Bad Jobs, Infographic Edition! Print
Written by Janelle Jones and John Schmitt   
Monday, 10 September 2012 13:45

Our recent CEPR report “Bad Jobs on the Rise” found that between 1979 and 2010, the share of workers in a “bad job” increased from about 18 percent to about 24 percent. (In that report, we defined a bad job as one that pays less than $37,000 a year, lacks employer-provided health insurance, and lacks an employer-sponsored retirement plan.  (For more details, see the report or this earlier post.)

The report emphasizes that the increase in bad jobs was especially disconcerting because the U.S. workforce was older and much better educated in 2010 than it had been in 1979. In the figure below, prepared by our CEPR colleague, Milla Sanes, we ask: What would the bad-jobs rate have been in 2010 without this age and educational upgrading of the workforce? The middle line shows the actual path of the bad-jobs rate over the period. The top line traces out the path the economy would have followed had we kept the same age and educational characteristics of the 1979 workforce, combined with the same losses in the economy’s ability to create good jobs. Under these assumptions, about one in three jobs (33.9 percent) would have been a bad job in 2010. The distance between the top two lines represents how much age and educational upgrading of the workforce helped to lower the bad-jobs rate.

(Click for larger version)

bad-Jobs-infographic-09-2012

We can also ask a related question: What would the bad-jobs rate have been in 2010 if the economy had not lost any of its capacity to generate good jobs between 1979 and 2010? The bottom line in the figure traces out this path. If the economy had sustained the same capacity to produce good jobs that it had in 1979, and the workforce upgrading proceeded as it actually did between 1979 and 2010, the overall bad-jobs rate would have fallen to 14.1 percent in 2010. The distance between this line and the actual bad jobs rate captures just how much the economy has shifted against workers.

 
Obtaining a Contract after Unionization in the United States and Canada Print
Written by Kris Warner   
Monday, 10 September 2012 11:30

Last week, I highlighted what I see as one of the two key labor policy differences between the United States and Canada – the process by which unions are formed.  Today, I’d like to look at the other – how each country deals with the breakdown of first contract negotiations. (Both of these are discussed in greater detail in my recent report, “Protecting Fundamental Labor Rights: Lessons from Canada for the United States.”)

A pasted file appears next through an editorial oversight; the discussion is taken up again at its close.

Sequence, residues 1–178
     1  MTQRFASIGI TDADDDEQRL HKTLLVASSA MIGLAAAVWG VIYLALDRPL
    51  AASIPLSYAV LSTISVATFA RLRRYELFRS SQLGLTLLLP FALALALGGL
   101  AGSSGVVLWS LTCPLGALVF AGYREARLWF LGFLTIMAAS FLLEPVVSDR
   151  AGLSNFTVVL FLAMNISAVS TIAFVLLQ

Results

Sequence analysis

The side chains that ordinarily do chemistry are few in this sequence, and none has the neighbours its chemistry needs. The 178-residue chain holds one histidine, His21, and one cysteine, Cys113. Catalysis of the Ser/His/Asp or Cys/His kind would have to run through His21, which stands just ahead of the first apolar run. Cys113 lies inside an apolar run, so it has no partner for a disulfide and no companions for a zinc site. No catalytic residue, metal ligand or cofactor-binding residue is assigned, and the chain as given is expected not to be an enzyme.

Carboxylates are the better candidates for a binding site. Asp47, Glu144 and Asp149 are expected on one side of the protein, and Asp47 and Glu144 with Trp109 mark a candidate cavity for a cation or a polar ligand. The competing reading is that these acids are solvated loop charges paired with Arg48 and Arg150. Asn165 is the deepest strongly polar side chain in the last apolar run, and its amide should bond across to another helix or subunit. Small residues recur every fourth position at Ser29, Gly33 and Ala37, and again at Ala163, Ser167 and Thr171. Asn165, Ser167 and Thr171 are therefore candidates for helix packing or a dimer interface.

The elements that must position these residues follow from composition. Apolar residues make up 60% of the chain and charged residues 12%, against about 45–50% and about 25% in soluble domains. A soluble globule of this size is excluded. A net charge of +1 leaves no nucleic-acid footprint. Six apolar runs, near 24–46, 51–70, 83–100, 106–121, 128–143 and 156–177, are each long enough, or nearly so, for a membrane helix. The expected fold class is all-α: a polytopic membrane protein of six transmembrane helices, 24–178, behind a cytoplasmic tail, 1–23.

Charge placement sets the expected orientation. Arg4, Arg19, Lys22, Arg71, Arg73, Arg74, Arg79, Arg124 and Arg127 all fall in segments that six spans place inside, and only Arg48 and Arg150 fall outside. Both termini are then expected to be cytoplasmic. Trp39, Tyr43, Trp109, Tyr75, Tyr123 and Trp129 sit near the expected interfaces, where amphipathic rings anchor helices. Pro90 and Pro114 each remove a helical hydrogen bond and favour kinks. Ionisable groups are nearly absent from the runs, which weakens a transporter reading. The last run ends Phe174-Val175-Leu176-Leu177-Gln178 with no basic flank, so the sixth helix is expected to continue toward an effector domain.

After employees at a workplace form a union, their work is really only half-done. The reasons for forming unions vary, but typically include improving working conditions, increasing pay and benefits, or simply having more say in the work environment. The way to do this is by negotiating a legally binding contract that spells these things out. Unfortunately, for those U.S. workers who are able to overcome the obstacles that employers place in front of them when they try to unionize, obtaining a contract appears to be getting more and more difficult.

Though both unions and employers are required to negotiate “in good faith,” the penalties for not doing so are minimal. Usually, of the two parties it’s the employer who drags their feet in negotiations and refuses to bargain in good faith, as can be seen by the filings of “unfair labor practices.” If these charges are found to have merit, the employer is typically just ordered back to negotiations, with no real punishment handed down for breaking the law. With union density – and thus workers’ bargaining power – at its lowest point in the past century, it should come as no surprise that research has shown that nearly half of newly formed unions are unable to negotiate a contract two years after they unionized. U.S. labor law, after doing little to help workers fight strong – and often illegal – employer opposition to their efforts to form unions, also does little to ensure that they are able to obtain a contract.

Canada, on the other hand, has a policy called “first contract arbitration” that provides a way through bargaining impasse. First enacted in 1974, first contract arbitration is now law in most Canadian provinces and covers approximately 85 percent of the workforce. Though researchers have identified four different models, the basic premise is simple: if negotiations have broken down between an employer and a union, either party can apply to the first contract arbitration process. If conciliation and mediation are unable to reach a voluntarily agreed-upon contract, an arbitrator (or arbitration panel) will impose one.

The Employee Free Choice Act would have brought first contract arbitration to the United States. Despite concerns from critics – that it would have discouraged voluntary collective bargaining or resulted in onerous conditions that would have put employers out of business – the experience of first contract arbitration in Canada has shown it to be a successful policy. In addition to workers getting contracts where they might otherwise not, research has shown that first contract arbitration is rarely sought and first contracts are even more rarely imposed, that it results in fewer work stoppages, and that there is no effect on business success or failure. Canadian employers – who first opposed FCA on similar grounds to U.S. employers today – no longer find it to be a controversial policy and often apply to the process themselves. If U.S. policy makers wanted to do something about the decline of the middle class, first contract arbitration would be a good example to follow.